It’s hard to say how and when it started, but there’s such a running theory that’s part of the reason why so many new games come out Xbox Game Pass It’s games that don’t sell very well on Xbox, so you might as well make money on Microsoft’s platform.
Evidence of this apparent phenomenon is rare and usually comes from the anecdotal experience of some of the developers involved in the program. But every time we hear news of a game launching a subscription service, many people wonder, especially when we’re talking about an anticipated project.
We recently had the opportunity to meet Derek Bradley, CEO of A44, the New Zealand studio behind Ashen, and the upcoming Flintlock: Siege of Dawn. We talked a lot about the game itself; its systems, gameplay, AAA ambitions, and the studio’s journey from Ashen.
But we also wanted to know a bit about his business purpose for making games. A44 has a long and fruitful relationship with Xbox, with Game Pass for both games.
So we asked the amiable, articulate CEO (and creative director) a few questions, starting with the decision to launch Game Pass on PC and Xbox.
“As game developers, we always want people to play our games,” Bradley told me.
“And, if you want to make a splash, being on Game Pass is huge. The hope is, you know, that a great game is going to come out and all the team’s efforts are going to shine and people are going to play.”
But I wonder if the idea that so many games are coming to Game Pass on day one is true because games don’t sell well on Xbox.
“I think it’s really interesting [but] I’m not sure if we actually went through that,” he revealed. “You know, I think after Ashen leaves Game Pass [it] It’s a good performance, so we’re happy. ”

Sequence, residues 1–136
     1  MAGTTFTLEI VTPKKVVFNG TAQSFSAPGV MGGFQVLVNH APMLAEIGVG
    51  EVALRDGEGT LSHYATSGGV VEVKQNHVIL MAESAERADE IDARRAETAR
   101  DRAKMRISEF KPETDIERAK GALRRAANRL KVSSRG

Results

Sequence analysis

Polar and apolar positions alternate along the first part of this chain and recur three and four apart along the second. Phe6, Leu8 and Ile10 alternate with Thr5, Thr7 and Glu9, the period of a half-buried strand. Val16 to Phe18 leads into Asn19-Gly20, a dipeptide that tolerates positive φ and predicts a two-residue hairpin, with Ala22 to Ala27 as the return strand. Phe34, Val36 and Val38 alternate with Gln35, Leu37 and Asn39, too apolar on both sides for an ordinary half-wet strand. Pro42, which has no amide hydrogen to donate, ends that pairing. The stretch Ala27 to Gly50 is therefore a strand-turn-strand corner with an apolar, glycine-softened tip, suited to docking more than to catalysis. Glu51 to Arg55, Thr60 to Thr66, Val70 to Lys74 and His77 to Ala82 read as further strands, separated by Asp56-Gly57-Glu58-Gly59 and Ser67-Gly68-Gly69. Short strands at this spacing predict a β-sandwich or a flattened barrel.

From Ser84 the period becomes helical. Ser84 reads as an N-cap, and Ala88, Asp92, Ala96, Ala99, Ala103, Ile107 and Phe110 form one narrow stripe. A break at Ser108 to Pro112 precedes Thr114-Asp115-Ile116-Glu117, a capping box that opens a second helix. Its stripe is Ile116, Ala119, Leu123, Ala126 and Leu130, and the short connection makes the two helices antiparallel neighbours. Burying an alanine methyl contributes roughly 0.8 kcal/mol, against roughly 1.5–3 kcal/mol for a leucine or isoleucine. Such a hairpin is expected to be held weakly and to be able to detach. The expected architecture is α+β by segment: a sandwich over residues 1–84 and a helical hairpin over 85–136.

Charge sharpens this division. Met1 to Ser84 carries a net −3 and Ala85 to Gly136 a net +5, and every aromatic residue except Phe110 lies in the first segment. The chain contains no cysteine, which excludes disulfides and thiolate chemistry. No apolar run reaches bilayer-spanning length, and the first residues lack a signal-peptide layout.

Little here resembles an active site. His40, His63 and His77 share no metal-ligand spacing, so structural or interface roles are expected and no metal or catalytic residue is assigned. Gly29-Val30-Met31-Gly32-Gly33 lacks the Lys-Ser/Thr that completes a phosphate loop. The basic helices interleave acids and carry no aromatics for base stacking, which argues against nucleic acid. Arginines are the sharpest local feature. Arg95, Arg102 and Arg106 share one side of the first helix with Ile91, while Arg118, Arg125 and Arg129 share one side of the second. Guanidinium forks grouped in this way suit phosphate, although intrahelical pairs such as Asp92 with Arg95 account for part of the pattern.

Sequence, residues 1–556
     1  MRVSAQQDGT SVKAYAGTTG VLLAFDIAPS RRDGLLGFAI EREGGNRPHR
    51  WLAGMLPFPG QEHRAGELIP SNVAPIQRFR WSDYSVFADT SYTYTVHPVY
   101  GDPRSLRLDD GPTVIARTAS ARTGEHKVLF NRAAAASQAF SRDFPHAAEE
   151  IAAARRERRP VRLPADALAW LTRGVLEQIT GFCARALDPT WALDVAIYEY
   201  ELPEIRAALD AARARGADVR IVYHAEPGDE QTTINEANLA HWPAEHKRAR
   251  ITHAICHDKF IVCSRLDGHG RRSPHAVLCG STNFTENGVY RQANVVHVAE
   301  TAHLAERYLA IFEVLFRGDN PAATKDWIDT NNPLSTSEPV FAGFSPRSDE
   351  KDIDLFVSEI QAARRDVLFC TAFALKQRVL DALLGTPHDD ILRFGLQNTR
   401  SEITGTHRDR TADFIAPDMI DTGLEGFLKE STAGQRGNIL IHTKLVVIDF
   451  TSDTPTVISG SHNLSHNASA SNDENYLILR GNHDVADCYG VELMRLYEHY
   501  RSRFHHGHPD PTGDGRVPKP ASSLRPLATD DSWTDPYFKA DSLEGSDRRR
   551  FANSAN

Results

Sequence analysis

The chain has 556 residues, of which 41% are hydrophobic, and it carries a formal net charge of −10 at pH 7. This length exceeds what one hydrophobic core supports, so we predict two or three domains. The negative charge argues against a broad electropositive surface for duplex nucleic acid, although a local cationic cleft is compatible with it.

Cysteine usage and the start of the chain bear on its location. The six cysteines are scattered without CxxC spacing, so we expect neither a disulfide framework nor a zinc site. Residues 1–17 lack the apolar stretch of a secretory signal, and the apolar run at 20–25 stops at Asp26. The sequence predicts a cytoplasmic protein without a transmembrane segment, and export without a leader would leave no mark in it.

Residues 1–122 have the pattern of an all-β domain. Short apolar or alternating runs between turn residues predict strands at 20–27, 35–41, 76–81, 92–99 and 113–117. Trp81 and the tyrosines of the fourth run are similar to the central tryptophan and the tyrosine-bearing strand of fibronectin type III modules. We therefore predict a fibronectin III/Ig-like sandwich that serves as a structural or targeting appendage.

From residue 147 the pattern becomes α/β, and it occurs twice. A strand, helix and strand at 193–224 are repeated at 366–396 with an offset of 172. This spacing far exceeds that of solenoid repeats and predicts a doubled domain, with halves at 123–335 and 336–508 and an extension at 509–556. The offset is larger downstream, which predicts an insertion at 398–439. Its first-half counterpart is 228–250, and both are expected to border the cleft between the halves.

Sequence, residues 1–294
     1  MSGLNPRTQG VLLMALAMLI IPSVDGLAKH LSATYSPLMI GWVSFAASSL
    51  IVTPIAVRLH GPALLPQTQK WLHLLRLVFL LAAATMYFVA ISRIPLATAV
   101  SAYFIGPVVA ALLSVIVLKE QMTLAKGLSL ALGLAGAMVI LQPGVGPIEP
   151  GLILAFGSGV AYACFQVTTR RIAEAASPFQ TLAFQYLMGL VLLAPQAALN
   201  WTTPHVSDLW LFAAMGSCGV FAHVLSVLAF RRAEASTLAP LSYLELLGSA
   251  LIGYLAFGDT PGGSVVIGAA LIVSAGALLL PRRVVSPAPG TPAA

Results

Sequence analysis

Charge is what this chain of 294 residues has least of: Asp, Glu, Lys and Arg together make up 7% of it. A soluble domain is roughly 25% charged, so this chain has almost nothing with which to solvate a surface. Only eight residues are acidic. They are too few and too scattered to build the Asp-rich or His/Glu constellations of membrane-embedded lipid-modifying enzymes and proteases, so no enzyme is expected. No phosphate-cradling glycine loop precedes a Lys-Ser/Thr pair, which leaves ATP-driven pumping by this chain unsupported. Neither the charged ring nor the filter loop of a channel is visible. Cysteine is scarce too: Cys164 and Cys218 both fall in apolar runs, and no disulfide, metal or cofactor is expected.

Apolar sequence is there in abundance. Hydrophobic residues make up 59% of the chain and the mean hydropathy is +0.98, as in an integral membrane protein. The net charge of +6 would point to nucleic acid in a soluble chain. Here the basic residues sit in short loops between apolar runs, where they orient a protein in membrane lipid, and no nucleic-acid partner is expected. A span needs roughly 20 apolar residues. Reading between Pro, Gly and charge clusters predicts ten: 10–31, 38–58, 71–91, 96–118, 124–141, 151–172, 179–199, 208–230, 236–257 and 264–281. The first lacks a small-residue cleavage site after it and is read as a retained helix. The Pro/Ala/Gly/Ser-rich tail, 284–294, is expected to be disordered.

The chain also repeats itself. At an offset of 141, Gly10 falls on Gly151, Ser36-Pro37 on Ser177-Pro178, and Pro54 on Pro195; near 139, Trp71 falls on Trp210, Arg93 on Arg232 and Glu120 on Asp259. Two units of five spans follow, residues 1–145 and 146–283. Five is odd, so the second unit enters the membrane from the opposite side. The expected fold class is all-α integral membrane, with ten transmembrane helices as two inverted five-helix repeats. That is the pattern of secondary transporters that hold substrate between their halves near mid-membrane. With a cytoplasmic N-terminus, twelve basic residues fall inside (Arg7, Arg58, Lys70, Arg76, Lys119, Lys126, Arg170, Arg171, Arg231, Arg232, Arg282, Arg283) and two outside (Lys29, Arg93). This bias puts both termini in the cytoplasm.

However, Bradley is quick to point out that both Ash and the upcoming Flintlock are Day 1 Game Pass games, so the studio has limited data compared to other teams that have taken a different path.
“The problem with our company is that we don’t release games that don’t go directly to Game Pass. So we don’t have any data comparison points,” he added.
Given the studio’s years of experience working with Microsoft, and Ashen’s success with Xbox — in and out of Game Pass, the decision to return to the Flintlock service wasn’t a difficult one. “It seemed like a natural partnership.”
In addition to Xbox, Bradley believes that doing well on Game Pass helps games on other platforms.
“If you can prove your game to a large audience on Game Pass, I think it will only help all other platforms.”
What about Epic Games? Ashen was one of the first games to be released exclusively on the Epic Games Store on PC. This was actually the first game I bought at the Epic storefront.
As we now know, Epic worked hard to get these exclusives, paying developers millions of dollars, offering guaranteed minimum sales, and generally doing everything they could to make them skip Steam worth it.
Ashen may not be as big as Borderlands 3 or Control, but the A44 certainly benefits from the deal. However, the Flintlock will be released on Steam and EGS.
“I think it’s just the way all the deals are, you know, we’ve got the support we need,” he told me, without revealing too much.
“And, you know, I think overall, we’re really excited about launching and seeing how the game performs on the open market.”
Flintlock: Dawn Siege is coming to PC, PS4, PS5, Xbox One, and Xbox Series X/S sometime in 2023.